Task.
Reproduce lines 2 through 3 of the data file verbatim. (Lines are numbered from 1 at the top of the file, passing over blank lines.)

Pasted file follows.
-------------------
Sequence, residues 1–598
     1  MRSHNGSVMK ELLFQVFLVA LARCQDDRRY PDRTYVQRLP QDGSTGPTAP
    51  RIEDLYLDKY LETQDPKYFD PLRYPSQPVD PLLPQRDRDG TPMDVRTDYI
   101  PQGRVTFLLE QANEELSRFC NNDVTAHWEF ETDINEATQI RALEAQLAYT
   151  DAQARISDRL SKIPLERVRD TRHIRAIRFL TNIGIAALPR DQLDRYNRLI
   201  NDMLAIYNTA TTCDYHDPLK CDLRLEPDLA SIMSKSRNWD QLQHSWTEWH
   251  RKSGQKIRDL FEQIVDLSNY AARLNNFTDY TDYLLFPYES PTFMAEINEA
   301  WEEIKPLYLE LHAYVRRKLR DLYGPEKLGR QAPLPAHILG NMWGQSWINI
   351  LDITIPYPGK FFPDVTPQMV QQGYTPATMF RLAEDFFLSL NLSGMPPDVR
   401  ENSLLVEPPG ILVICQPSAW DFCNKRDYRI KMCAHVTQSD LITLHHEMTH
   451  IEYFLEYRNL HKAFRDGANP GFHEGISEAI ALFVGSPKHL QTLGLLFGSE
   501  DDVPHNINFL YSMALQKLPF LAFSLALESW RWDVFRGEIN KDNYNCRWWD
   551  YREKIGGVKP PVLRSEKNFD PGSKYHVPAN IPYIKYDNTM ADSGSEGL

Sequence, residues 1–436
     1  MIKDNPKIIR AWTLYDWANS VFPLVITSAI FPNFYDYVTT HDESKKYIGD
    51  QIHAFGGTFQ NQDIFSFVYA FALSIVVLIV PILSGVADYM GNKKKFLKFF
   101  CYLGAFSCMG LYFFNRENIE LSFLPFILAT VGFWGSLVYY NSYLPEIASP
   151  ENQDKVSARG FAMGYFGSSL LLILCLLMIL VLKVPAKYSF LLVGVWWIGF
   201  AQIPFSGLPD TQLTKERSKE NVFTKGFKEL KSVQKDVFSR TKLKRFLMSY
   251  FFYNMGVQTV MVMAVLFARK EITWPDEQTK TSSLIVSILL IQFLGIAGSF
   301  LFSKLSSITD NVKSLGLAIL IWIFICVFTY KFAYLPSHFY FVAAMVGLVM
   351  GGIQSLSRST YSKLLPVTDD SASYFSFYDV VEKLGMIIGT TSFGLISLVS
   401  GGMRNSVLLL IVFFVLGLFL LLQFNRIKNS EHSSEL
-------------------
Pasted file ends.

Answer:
     1  MRSHNGSVMK ELLFQVFLVA LARCQDDRRY PDRTYVQRLP QDGSTGPTAP
    51  RIEDLYLDKY LETQDPKYFD PLRYPSQPVD PLLPQRDRDG TPMDVRTDYI